Since it is the season of Merry, I wish to share with you an old and perhaps a bit sinister folklore story related to Christmas. Most of you are probably aware of the legend of Krampus, since an American horror/comedy movie came out this year with that same name. Really shortly said, Krampus is a mythological creature from the Alps, who is a sort of an Anti-Santa Claus. While Santa rewards nice people, Krampus punishes the bad ones. This post is about a whole other entity from the Nordic countries. This tradition spread from Sweden to Finland centuries ago, probably in the Middle Ages.
The spooky creature I am going to write about is called Nuuttipukki (it is translated as the New Year Buck in some sources), who is a horned, goat-like humanoid with an entourage of masked folk and he visits houses during the Saint Knut's Day. It used to be on January 7 but nowadays Saint Knut's Day is celebrated a week later. The tradition of Nuuttipukki still remained on the first week of the new year, though.
Nuuttipukki and his friends roam around the village and go from house to house insisting to have leftover foods and alcohol beverages after Christmas. It is bad luck not to yield to his requests, otherwise he might scare your animals, trash your garden and harass your servants (and he might still do that after food and drink, you never know with Nuuttipukki).
I wish to stress that this was not something that happened on the level of stories but in the reality too and it was not the master of the house who organized it. It was usually young men from another village who dressed as Nuuttipukki and his fellows and they might be quite drunk and mischievous. You could not be completely certain that food and booze would keep them happy.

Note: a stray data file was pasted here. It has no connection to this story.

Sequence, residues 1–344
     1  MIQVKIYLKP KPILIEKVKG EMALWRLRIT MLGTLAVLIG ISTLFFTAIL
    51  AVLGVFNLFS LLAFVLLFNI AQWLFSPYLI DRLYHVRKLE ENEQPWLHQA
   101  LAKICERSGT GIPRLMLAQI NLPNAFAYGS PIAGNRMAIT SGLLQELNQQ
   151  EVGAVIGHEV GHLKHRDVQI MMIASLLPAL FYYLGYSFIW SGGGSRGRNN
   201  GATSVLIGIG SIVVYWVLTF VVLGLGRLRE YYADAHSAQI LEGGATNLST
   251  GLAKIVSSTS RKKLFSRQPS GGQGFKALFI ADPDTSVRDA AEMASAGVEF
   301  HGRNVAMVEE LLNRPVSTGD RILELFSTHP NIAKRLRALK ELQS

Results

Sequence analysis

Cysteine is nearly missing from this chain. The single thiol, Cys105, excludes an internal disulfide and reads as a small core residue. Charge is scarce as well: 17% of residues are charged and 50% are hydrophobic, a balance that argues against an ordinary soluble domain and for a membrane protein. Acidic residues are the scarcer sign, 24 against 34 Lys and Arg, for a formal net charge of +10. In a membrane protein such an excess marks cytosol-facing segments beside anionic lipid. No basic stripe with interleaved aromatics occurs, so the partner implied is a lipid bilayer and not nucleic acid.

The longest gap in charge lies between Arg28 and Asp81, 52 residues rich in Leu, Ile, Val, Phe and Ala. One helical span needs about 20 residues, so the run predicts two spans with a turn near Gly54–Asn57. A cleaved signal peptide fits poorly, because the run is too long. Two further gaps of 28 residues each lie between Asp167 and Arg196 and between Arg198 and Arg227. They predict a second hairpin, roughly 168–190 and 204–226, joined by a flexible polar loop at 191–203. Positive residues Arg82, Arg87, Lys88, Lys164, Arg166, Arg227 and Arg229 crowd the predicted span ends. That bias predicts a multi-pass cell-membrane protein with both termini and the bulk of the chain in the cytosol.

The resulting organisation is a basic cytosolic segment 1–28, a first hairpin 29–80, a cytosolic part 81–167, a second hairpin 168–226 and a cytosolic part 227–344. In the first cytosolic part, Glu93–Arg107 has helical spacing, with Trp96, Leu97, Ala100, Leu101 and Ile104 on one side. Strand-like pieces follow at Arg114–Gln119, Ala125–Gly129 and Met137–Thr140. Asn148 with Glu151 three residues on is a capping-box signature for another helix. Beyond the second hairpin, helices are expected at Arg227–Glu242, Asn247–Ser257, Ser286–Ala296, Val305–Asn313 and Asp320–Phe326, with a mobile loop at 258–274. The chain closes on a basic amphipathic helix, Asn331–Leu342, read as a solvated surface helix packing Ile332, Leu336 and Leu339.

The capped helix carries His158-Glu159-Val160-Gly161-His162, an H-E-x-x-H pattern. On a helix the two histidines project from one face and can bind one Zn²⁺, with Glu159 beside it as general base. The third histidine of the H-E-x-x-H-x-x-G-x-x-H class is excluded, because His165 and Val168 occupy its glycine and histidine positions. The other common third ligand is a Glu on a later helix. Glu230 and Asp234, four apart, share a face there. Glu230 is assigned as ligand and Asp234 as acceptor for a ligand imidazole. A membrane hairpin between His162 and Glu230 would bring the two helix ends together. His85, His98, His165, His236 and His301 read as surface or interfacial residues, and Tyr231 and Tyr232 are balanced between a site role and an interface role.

This tradition was alive and kicking in Finland until the Second World War. Here is a photo from 1926. I believe the broom in this photo is part of the costume, to make this person more goat-like, so it is not a witch thing.
Here is a photo of a mask of Nuuttipukki from the 19th century Finland. It is made out of sheepskin. This mask is from the collection of the National Museum of Finland and the photo was taken by Markku Haverinen.
As mentioned previously, it was believed that the dead Finns like the Christmas and in today's Finland it is still customary to commemorate the deceased relatives on Christmas. We take candles on the graves and on Christmas Eve the graveyards are astonishingly beautiful seas of candlelight. We also bring candles on the graveyards on All Saint's Day (about the same time as Halloween) to commemorate the dead and on 6th of December, which is our Independence Day, to commemorate the dead and especially those who died in the wars in which Finland fought to keep its independence. As you can see, the Finns are very respectable towards the dead.